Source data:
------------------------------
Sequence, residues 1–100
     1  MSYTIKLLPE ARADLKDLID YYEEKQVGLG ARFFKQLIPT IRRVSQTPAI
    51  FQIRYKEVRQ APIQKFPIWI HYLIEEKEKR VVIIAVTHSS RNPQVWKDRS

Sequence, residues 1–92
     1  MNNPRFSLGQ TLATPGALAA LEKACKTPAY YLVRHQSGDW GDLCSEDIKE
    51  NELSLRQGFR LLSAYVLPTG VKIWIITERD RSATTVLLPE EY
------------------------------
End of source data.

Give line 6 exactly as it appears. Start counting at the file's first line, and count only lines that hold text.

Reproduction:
    51  NELSLRQGFR LLSAYVLPTG VKIWIITERD RSATTVLLPE EY